Politicians alone must not decide who is a terrorist

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This newspaper is not in the habit of congratulating Conservative Party leaders for their robustness and skill in defending civil liberties. Yet today we commend Michael Howard and the shadow Home Secretary, David Davis, for joining the Liberal Democrats in their opposition to the Government's odious proposed anti-terrorism laws. As Mr Davis said on BBC radio yesterday, we should understand the scale of change these plans represent. Charles Clarke, the Home Secretary, is planning to take away the presumption of innocence for every British citizen, he said, for the first time outside times of full-scale war. He is right, although the essential dictum, innocent until proven guilty, had already been abandoned in the Anti-Terrorism Act 2001, requiring Britain to repudiate part of the European Convention on Human Rights. But that law, brought in while Ground Zero in New York was still smouldering, applied only to foreign nationals. As the Law Lords ruled in December, however, the Act made no sense. If the th

This newspaper is not in the habit of congratulating Conservative Party leaders for their robustness and skill in defending civil liberties. Yet today we commend Michael Howard and the shadow Home Secretary, David Davis, for joining the Liberal Democrats in their opposition to the Government's odious proposed anti-terrorism laws. As Mr Davis said on BBC radio yesterday, we should understand the scale of change these plans represent. Charles Clarke, the Home Secretary, is planning to take away the presumption of innocence for every British citizen, he said, for the first time outside times of full-scale war. He is right, although the essential dictum, innocent until proven guilty, had already been abandoned in the Anti-Terrorism Act 2001, requiring Britain to repudiate part of the European Convention on Human Rights. But that law, brought in while Ground Zero in New York was still smouldering, applied only to foreign nationals. As the Law Lords ruled in December, however, the Act made no sense. If the threat of a new kind of terrorism was so terrible, why should those suspected of planning it be detained indefinitely yet be allowed to leave the country at any time? And why should only foreigners be capable of undertaking it?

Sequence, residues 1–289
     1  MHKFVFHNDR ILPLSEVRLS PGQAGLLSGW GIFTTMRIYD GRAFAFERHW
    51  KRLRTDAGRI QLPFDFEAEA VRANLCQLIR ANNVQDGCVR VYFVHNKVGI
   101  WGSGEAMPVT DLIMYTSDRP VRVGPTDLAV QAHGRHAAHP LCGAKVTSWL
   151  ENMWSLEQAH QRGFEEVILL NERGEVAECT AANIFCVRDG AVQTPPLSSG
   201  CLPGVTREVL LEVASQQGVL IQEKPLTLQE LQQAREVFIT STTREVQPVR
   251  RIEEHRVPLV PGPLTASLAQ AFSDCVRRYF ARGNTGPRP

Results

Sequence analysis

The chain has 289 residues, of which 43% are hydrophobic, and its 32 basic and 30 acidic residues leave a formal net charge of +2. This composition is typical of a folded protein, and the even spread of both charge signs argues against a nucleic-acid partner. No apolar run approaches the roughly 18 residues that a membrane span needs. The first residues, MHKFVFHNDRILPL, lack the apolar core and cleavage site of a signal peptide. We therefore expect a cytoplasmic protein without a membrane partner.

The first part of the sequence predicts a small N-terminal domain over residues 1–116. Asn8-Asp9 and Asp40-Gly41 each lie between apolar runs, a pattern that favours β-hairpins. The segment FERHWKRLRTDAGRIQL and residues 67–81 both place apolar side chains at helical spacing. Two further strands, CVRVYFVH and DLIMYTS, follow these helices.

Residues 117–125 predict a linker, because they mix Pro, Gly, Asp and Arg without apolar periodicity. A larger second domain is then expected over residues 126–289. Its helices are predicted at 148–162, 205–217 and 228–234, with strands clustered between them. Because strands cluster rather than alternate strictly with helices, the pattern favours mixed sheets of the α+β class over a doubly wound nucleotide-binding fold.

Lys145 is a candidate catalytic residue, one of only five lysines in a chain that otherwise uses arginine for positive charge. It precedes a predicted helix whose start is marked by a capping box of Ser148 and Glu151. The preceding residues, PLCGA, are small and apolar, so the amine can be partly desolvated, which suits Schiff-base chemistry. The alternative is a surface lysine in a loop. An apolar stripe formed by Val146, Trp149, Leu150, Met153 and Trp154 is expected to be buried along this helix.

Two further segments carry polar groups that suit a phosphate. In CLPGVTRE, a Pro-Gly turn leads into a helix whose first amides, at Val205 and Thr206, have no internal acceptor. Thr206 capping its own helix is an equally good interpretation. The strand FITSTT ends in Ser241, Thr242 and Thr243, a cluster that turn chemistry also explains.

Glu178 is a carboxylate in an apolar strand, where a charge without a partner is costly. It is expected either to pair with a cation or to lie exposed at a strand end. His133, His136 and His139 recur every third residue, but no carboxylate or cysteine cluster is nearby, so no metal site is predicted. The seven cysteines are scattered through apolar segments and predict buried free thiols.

The Home Secretary's response was to extend the power of indefinite detention to British citizens, and to try to soften it by inventing a form of house arrest called control orders. But to be confined to one's home is still detention. The proposed law is more consistent than what went before, but only by taking the most obnoxious feature of the 2001 Act and extending it to everyone. Mr Howard and Mr Davis, contrary to expectations, now insist on preserving the essential principles not just of British but of universal justice. If the authorities have evidence that anyone is engaged in terrorism, it should be tested by an independent judicial process.

The Independent on Sunday, the Liberal Democrats and now the Conservative Party are prepared to accept some exceptions to normal rules. In some terrorism cases, for example, evidence gained from covert surveillance might be permitted. The Government's refusal to allow the use of wiretap evidence is bizarre. If the security services fear that this might expose their methods, judges could rule on the way such evidence is used in court.

The Prime Minister's defence of the proposed powers on television last Wednesday was chilling. Essentially, his case was that if the security services tell him or other ministers that they think someone is "up to something", indefinite detention is justified. That cannot be right. The evidence must be tested, and if it is not strong enough to persuade an independent judiciary, then surveillance is the only permissible option. The threat posed by terrorists is serious and real but, as the Home Secretary acknowledged earlier this month, it has not changed in the past year. The Government must think again.

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